SC - Charleston Gives First Greenlight to Army Corps of Engineers' Wall Plan, With Adjustments
Charleston will move forward with an Army Corps of Engineers plan to repel hurricane surge, including a wall around most of the downtown peninsula.
In a letter to the Corps, Mayor John Tecklenburg said Charleston will not pursue an independent plan for hurricane protection. That means Charleston has tacitly agreed to proceed with the Corps’ proposal. It is the most ambitious to date to protect the historic, low-lying city from flooding, and also the most expensive. Early cost estimates are around $1.75 billion.
An 8-mile wall would reach as high as 8 feet off the ground. A breakwater would slow waves below the peninsula’s southern point. Five pumps would push rainfall outside the perimeter. And in some areas, the Corps calls for “non-structural measures,” which may mean retrofitting flood-prone homes or removing them altogether.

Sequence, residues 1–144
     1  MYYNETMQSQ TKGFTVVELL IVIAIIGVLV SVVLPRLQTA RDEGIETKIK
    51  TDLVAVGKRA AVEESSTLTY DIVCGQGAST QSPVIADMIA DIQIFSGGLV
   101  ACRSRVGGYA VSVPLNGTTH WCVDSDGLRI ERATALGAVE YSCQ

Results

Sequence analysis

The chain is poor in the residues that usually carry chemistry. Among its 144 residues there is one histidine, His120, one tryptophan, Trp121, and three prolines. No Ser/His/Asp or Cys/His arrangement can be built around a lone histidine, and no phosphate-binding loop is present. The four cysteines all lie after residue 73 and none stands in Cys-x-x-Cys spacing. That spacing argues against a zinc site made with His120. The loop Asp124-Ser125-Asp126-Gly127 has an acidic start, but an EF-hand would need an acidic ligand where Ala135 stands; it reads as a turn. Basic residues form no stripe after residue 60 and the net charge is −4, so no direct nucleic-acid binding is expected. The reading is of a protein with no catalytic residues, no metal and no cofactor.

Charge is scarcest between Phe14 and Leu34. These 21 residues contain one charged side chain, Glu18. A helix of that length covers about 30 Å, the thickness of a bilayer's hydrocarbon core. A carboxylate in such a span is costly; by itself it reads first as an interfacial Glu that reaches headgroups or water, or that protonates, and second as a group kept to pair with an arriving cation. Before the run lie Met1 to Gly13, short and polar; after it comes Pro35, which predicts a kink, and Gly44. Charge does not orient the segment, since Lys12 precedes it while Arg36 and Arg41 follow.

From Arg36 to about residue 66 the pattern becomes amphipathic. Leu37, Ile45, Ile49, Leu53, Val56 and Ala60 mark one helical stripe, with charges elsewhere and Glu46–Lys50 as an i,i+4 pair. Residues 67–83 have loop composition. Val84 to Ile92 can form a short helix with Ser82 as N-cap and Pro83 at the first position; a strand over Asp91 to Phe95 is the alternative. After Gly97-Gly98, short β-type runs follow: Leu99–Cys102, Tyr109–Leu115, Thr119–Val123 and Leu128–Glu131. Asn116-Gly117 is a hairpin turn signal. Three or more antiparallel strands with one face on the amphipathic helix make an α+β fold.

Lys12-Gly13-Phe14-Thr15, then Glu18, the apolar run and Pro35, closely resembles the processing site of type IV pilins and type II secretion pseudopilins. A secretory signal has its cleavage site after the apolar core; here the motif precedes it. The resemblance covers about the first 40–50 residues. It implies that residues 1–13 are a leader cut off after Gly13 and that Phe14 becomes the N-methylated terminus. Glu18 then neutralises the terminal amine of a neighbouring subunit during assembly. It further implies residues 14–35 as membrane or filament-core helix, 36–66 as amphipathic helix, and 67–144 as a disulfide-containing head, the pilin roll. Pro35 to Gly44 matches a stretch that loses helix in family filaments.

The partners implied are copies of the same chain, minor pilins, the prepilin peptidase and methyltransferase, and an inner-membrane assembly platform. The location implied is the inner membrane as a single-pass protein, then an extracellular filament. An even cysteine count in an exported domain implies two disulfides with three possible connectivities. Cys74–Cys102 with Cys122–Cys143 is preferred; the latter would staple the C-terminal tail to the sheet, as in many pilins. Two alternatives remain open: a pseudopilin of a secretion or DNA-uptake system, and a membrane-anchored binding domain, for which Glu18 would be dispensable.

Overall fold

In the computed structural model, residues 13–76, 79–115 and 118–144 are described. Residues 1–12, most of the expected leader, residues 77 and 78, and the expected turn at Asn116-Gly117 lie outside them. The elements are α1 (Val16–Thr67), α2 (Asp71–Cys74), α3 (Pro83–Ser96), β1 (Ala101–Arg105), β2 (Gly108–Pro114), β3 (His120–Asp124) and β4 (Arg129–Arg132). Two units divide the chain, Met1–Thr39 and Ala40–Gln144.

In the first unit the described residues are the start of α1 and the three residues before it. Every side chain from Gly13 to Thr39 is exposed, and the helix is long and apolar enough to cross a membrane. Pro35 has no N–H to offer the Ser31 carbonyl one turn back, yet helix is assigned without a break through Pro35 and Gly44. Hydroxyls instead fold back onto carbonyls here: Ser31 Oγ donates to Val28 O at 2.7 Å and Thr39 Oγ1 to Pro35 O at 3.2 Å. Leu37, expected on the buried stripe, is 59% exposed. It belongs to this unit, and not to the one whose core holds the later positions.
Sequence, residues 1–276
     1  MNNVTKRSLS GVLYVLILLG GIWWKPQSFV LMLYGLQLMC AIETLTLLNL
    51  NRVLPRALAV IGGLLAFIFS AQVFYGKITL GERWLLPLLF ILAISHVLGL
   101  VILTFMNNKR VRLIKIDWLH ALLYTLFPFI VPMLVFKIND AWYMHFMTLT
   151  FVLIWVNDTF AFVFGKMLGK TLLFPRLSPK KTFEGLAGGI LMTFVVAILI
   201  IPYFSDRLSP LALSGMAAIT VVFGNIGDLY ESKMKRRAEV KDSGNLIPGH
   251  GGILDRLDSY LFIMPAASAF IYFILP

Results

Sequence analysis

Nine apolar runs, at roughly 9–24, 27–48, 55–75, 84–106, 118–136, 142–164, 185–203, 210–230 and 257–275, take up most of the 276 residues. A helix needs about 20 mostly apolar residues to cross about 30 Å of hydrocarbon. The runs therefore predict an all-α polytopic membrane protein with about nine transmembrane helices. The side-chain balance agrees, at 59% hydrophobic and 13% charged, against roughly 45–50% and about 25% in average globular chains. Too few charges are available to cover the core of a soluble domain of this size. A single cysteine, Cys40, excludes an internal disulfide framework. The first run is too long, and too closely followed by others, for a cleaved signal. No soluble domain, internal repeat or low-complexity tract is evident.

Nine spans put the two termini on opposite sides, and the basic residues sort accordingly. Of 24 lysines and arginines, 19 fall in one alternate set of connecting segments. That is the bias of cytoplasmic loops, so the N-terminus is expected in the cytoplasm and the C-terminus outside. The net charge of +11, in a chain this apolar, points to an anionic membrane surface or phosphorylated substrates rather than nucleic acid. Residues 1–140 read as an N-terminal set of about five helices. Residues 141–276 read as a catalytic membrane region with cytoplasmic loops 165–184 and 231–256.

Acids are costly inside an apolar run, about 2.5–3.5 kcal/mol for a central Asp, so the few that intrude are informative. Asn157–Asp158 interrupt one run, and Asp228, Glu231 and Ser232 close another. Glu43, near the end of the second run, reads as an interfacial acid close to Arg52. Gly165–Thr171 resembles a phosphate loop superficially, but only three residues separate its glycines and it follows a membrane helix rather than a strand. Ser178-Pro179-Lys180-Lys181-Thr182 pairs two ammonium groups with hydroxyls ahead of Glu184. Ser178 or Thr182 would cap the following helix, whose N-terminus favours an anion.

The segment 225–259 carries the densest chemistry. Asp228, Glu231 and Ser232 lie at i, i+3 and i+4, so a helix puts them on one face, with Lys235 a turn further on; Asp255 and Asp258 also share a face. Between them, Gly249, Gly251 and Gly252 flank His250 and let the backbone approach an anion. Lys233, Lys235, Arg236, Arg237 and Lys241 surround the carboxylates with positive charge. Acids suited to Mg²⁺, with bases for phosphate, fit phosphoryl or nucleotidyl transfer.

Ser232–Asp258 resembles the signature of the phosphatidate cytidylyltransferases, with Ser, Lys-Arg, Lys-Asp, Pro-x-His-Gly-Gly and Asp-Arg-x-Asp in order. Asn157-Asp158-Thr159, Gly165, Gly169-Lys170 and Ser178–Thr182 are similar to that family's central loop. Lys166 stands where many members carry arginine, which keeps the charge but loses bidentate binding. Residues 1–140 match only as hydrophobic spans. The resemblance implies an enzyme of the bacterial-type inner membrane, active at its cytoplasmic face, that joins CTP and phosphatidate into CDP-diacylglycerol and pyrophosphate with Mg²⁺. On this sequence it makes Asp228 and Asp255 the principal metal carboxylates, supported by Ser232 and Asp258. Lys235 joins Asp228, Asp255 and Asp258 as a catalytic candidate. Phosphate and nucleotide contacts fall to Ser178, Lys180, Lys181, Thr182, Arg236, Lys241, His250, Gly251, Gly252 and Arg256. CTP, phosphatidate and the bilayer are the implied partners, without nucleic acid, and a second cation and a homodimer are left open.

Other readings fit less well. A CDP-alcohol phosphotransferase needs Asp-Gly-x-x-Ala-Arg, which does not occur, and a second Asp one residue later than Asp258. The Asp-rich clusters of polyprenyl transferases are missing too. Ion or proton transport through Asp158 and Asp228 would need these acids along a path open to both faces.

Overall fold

Charleston hired the firm Waggoner & Ball to review the proposal, which aims to protect the dense city center from the wall of water that a hurricane pushes onto land. It is not intended for the sea level rise caused by climate change, but some in the region say it will ultimately serve that purpose as water levels in Charleston Harbor swell in the coming decades.
While Waggoner & Ball had suggestions, they did not reach the point of scrapping the plan, Tecklenburg wrote in his Monday letter.
He wrote the city will continue to work with the Corps in “designing a project that will preserve the historic fabric of the city, assist with other flooding threats, and respect the public domain, economic realities, neighborhood identities, and quality of life in the future.”